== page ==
A quiz for econ graduate students, or anyone else with too much time on his or her hands
Usually our quizzes are more on the whimsical side, but here is a serious one that requires a real investment of time.
Some academics (at most one out of the three is an economist) in the United Kingdom recently published a paper in a journal called Applied Economics claiming that a 1 percent increase in the price of beer in the U.K. leads to a 2 percent decline in violent crime. I don’t know how to link directly to the paper, but if you go to this Cardiff University website and scroll down, you will find a link called “Violence-related injury and the price of beer in England and Wales.” That link will take you to the paper.
The paper has sensible theory behind it, is well written, and has seemingly careful econometrics. As I read the paper, however, I had the sort of uneasy feeling that Malcolm Gladwell, in the first chapter of Blink, describes some experts having when viewing a supposedly ancient sculpture that turned out to be a fake. I couldn’t figure out what was wrong with the paper and went on to something else. But I was so bothered by it that I went and read it again. I think on that second reading I found the fundamental flaw in the paper.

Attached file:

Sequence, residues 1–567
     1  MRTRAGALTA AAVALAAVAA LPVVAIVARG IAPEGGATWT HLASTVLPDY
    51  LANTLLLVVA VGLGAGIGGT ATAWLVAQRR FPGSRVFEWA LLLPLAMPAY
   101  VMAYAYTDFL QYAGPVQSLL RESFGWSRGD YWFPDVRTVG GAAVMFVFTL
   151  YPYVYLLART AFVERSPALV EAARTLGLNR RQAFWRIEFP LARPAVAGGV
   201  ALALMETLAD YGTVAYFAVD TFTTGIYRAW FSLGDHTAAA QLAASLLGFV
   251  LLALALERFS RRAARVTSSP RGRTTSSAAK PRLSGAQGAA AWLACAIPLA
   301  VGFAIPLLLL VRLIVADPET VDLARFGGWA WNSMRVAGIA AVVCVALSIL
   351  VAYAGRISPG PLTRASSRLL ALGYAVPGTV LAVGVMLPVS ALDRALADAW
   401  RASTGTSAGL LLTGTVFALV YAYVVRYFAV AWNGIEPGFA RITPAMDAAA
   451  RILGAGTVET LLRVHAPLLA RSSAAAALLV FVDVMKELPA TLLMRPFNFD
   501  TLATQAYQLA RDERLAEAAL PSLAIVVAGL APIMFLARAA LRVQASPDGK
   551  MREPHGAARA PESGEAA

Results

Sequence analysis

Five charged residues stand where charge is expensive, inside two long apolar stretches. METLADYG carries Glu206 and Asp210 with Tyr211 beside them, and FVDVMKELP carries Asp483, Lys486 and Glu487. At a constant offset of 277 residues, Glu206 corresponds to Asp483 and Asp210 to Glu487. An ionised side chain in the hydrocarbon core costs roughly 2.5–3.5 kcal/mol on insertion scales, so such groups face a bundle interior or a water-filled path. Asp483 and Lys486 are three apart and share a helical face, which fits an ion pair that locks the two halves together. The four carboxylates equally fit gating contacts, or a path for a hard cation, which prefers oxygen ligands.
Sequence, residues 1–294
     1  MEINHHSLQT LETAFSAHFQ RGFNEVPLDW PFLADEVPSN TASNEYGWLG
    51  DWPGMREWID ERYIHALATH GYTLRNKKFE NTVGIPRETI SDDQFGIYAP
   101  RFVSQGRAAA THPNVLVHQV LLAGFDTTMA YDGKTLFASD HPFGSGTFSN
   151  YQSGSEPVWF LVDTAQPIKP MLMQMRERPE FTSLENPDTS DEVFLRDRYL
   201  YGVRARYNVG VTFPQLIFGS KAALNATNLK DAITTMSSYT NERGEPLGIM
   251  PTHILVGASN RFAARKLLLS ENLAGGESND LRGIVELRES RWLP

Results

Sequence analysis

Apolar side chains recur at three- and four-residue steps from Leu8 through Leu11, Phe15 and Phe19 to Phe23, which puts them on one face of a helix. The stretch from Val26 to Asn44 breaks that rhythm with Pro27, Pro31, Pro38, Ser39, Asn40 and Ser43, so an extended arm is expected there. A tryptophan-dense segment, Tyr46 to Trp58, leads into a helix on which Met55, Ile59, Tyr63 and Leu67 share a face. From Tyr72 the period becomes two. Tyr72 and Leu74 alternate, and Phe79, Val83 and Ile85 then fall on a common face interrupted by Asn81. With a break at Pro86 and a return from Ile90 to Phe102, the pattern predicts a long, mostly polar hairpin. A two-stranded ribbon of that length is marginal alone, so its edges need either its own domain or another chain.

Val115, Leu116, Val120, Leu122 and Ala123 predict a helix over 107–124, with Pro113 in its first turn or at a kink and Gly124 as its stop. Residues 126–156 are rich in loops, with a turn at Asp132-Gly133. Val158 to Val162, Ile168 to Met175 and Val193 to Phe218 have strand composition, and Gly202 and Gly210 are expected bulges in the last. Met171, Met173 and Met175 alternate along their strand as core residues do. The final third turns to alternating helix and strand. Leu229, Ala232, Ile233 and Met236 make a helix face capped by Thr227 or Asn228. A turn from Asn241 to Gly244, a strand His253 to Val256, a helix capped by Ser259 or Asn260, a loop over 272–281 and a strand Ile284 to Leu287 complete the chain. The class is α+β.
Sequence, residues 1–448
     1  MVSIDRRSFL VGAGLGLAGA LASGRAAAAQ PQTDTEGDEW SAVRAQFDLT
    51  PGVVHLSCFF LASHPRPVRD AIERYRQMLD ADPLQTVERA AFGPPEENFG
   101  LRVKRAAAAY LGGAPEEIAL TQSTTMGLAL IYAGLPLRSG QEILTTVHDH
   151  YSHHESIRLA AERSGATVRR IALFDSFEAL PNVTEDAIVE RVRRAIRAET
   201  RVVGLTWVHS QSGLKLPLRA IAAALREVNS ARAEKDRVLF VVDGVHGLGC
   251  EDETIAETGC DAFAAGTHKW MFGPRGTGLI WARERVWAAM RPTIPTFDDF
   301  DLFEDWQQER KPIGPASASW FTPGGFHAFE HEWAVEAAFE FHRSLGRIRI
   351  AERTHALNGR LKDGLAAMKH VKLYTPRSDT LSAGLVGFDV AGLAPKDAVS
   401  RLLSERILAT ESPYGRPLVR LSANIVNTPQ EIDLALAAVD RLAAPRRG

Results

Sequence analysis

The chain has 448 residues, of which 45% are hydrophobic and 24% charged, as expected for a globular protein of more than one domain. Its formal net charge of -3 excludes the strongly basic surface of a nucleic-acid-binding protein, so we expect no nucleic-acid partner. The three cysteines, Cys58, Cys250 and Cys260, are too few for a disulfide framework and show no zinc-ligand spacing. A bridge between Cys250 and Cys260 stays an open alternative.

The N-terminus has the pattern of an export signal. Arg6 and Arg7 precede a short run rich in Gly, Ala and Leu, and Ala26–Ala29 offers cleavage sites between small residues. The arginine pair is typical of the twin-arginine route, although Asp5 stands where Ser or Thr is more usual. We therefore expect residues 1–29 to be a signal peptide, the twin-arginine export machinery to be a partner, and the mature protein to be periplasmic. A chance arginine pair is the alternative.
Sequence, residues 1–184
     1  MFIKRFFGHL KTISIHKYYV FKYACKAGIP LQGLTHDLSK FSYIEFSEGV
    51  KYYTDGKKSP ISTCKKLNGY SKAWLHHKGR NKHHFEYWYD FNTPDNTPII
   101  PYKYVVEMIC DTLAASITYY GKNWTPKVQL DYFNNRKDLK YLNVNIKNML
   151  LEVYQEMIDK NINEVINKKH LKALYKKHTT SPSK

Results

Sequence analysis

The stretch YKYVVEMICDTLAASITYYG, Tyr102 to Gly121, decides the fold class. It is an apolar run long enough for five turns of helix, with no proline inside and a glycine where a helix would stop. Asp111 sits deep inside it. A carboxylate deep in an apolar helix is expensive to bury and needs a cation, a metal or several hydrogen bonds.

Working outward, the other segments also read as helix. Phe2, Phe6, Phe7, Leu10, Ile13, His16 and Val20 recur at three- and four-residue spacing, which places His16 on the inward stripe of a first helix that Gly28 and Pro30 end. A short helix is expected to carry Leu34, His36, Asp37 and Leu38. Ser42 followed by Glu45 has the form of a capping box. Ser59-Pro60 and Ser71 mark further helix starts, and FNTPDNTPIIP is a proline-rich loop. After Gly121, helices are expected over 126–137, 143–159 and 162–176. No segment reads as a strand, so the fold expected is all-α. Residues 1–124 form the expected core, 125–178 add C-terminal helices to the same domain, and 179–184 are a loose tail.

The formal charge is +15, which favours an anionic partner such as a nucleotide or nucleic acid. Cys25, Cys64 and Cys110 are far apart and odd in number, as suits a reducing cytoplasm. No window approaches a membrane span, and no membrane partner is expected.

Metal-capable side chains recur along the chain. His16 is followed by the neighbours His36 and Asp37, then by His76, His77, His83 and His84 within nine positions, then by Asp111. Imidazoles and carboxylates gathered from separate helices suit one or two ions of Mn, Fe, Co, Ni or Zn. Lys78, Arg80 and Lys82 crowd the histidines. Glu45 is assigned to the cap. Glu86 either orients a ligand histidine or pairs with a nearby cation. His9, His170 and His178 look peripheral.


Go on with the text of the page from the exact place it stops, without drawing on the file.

So, here is a different kind of quiz. The first one to identify the problem I have in mind wins a signed copy of Freakonomics, a Freakonomics t-shirt if the new batch really exists, and also a Freakonomics yo-yo if those are ready. If they are so inclined, I further encourage the winner to try to get the original data, test my/his/her hypothesis and send a short comment to the journal.
Hint: there may be many other problems with the paper, but my concern is very specific and easily testable.
(Thanks to Sam Richardson for bringing this article to my attention.)